Knowledge and power: The illusion of emancipatory pedagogies within environmental education1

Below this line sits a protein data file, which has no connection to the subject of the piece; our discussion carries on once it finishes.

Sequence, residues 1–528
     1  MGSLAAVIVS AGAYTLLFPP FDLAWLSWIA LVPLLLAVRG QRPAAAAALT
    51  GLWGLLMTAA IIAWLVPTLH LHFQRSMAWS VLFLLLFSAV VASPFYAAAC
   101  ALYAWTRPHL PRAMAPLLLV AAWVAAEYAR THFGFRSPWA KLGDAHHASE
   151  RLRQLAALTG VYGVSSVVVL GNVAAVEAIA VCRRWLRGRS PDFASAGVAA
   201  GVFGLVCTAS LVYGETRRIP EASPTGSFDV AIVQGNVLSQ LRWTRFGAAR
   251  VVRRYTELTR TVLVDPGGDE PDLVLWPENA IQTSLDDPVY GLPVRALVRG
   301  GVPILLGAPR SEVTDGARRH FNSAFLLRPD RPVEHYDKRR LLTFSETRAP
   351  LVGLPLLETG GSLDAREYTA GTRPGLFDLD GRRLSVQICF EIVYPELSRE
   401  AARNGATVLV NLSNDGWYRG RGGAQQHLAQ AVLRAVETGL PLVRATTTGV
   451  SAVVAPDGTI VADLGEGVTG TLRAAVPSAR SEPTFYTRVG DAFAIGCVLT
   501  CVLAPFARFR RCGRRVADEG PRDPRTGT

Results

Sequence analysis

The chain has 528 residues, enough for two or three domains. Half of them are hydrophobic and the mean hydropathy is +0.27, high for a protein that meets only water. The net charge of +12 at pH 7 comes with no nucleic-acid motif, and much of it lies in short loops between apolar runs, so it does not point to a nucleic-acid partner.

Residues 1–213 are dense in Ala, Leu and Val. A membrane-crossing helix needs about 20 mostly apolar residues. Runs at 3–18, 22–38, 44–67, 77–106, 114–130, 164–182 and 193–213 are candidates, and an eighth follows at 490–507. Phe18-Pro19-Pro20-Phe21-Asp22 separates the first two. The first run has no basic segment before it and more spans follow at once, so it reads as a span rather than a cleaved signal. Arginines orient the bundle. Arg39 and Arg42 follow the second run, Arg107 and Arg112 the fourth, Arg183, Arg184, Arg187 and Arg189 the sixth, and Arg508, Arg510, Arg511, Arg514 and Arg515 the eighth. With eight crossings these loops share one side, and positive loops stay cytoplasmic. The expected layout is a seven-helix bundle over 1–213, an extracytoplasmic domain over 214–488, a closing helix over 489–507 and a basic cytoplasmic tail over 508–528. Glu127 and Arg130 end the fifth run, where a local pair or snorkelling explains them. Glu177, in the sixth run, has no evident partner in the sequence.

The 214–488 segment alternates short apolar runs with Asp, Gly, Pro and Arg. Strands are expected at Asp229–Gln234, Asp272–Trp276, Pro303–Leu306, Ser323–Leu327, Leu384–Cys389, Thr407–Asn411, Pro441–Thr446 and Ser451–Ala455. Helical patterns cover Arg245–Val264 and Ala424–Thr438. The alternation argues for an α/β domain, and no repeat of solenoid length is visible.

The increased calls for transformation in response to the socio-ecological 'crisis' and the movement towards more sustainable societies; the dramatic political changes in South Africa, Eastern Europe and elsewhere; the epistemological shifts in the conceptualisation of science, education and research, and the paradoxes of the world of the late twentieth century provide the context for this paper. The need for educational organisations and educators to make an effective curriculum response to environmental and development concerns legitimises socially critical approaches to environmental education and a concern with processes of social change. We are faced, therefore, with dilemmas of personal, professional and political change: the need for transformation of both actors and structures. The paper highlights the unquestioned assumptions which underlie growing calls for social transformation and considers the significance of a socially critical orientation to environmental education in relation to processes of social change. This orientation draws on the critical theories underpinning 'liberatory' or 'emancipatory' pedagogies,akeyconcern being the need to 'empower' perceived 'marginalised' groups and individuals and for 'transformatory intellectuals' to support 'capacity building' among such marginalised groups and individuals. I highlight a number of concerns I have about this orientation and emphasise the need to re-think some aspects of the project. The theoretical considerations of the paper are borne out of particular instances of trying to actualise the aims of a socially critical environmental education, both within my professional practice as a teacher educator, and as a result of a school based collaborative action research project with a small group of primary teachers (this is reported elsewhere).
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